- Footwear Solutions Changing your footwear may provide relief from discomfort related to Morton’s Neuroma. Your physiotherapist can evaluate your foot anatomy and mechanics to determine the best solutions for your needs. Metatarsal pads and arch supports are typically used to reduce pain symptoms. For women, switching from high-heeled shoes to flats can also provide some relief. Supports that help you redistribute the weight that’s transferred through your feet can minimize the symptoms of Morton’s Neuroma.
- Reduce Inflammation There are many strategies to help reduce inflammation. Your physiotherapist can apply taping techniques, electrotherapy, ice, and manual therapy to reduce any irritation to the nerves of the foot. In severe cases, some people may receive corticosteroid injections to reduce inflammation and minimize discomfort. Medications that decrease nerve pain include pregabalin (Lyrica), amitriptyline (Elavil), and gabapentin (Neurontin).
- Restore Function Restoring the function of the foot is critical to minimizing pain and preventing the future onset of Morton’s Neuroma. This is achieved by having an optimal range of motion in the joints of the foot and toes. Restoring proper muscle length and tension through manual therapy and exercises can provide significant relief from pain. This improves the biomechanics and weight distribution that occurs through the joints of the foot.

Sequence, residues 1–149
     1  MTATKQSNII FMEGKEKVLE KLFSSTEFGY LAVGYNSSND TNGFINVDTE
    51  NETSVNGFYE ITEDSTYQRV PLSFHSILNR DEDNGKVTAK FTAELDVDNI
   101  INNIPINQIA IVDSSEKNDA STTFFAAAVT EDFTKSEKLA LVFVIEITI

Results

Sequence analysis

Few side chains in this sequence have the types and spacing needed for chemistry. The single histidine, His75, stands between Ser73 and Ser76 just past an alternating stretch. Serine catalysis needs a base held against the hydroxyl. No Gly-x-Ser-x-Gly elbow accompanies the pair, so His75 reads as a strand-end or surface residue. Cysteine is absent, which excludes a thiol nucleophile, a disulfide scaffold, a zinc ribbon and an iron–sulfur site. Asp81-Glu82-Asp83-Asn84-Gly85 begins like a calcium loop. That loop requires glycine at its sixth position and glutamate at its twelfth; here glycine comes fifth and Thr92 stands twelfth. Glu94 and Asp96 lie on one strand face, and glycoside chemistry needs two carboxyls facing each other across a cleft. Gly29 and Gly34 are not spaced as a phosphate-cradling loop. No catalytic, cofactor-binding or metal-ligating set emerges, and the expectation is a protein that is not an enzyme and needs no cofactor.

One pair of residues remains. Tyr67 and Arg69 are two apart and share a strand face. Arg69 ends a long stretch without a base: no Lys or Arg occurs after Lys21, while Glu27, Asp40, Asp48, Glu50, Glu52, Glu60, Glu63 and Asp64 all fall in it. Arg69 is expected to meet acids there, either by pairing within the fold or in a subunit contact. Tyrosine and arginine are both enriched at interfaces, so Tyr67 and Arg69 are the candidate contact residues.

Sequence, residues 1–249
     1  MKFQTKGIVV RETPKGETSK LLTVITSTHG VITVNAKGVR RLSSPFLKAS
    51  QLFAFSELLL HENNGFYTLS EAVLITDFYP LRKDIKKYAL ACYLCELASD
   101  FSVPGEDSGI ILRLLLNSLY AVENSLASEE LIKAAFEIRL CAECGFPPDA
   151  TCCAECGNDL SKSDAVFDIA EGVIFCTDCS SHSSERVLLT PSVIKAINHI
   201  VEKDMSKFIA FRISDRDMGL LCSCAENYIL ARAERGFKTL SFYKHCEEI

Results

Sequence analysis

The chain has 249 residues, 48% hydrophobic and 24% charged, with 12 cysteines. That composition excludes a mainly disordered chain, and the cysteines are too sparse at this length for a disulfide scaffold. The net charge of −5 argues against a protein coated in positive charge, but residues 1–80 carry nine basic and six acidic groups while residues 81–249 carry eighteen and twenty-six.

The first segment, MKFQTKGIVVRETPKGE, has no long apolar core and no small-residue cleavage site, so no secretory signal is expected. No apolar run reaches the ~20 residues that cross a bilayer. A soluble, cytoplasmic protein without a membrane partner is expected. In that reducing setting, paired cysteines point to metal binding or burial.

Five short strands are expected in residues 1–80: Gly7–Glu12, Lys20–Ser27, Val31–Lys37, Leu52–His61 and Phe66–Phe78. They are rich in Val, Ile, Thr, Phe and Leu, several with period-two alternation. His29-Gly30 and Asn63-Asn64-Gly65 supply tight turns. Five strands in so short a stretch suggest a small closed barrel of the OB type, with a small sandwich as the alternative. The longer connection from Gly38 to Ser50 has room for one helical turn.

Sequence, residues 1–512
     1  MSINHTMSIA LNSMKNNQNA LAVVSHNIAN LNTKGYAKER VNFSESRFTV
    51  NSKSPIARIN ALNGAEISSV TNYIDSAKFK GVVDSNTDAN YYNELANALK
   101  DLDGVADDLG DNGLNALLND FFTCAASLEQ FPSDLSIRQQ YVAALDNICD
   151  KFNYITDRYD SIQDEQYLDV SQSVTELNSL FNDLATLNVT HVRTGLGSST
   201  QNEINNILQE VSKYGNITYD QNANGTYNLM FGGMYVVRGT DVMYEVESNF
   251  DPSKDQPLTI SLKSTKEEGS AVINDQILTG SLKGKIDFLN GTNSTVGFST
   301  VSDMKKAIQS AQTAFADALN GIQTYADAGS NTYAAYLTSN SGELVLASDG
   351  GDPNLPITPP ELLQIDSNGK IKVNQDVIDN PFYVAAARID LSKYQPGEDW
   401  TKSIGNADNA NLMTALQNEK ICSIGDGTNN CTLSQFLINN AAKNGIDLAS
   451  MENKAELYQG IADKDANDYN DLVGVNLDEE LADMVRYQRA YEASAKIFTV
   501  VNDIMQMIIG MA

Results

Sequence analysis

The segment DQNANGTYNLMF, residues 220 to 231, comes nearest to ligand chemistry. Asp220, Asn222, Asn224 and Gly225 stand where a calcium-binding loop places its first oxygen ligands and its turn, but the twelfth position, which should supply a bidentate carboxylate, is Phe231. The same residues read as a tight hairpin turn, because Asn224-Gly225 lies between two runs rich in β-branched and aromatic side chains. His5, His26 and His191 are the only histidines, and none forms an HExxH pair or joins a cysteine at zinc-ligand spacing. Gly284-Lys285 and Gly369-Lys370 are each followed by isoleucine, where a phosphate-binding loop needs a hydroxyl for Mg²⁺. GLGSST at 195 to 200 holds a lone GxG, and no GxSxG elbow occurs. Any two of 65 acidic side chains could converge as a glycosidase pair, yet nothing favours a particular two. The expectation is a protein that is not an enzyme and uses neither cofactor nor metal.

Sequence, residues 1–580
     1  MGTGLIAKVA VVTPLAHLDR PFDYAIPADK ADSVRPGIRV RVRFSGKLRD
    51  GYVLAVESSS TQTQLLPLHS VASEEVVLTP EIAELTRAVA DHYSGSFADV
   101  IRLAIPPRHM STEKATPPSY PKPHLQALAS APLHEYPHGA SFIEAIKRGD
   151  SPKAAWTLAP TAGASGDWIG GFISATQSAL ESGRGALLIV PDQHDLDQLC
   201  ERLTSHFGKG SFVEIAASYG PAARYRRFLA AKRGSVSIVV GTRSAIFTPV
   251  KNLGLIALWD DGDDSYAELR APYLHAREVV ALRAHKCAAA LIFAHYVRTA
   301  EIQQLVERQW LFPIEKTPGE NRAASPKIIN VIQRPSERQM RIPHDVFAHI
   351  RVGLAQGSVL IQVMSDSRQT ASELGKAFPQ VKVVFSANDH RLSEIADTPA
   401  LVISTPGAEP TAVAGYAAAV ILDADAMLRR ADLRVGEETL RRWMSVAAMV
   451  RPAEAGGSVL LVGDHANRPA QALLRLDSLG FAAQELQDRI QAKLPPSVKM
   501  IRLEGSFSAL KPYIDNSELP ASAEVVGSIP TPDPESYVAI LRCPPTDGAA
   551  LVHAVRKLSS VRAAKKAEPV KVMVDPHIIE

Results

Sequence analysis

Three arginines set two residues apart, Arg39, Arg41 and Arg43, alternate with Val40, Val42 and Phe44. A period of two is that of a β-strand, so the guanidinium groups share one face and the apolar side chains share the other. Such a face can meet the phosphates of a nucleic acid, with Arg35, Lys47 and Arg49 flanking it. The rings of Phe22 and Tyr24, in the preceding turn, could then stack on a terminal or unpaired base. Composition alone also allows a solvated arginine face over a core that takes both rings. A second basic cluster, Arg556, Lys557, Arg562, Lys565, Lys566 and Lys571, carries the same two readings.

Posted by Dr. Scott Wilson | 03-10-2016
Many health conditions lead to chronic pain issues that physiotherapists help to address. Finding relief from pain is essential to your long-term sense of wellness and vitality. Morton’s Neuroma presents a specific set of symptoms that must be addressed correctly in order to achieve lasting relief. Understanding the 3 ways to minimize the pain associated with Morton’s Neuroma gives you the tools you need for pain-free daily living. What is Morton’s Neuroma? Morton’s neuroma is a neurological issue related to the foot. The nerves that sit between the metatarsal bones of the foot are primarily affected by this condition. Common symptoms include tingling, numbness, pain, and a burning sensation. The cause of Morton’s Neuroma is still not fully understood. Many people achieve relief by assessing and modifying their shoes while others require surgery to reduce severe pain symptoms. Chronic irritation of the nerves of the foot is believed to be a factor in causing Morton’s Neuroma. Anatomical factors such as the spacing between metatarsals may also contribute to its development.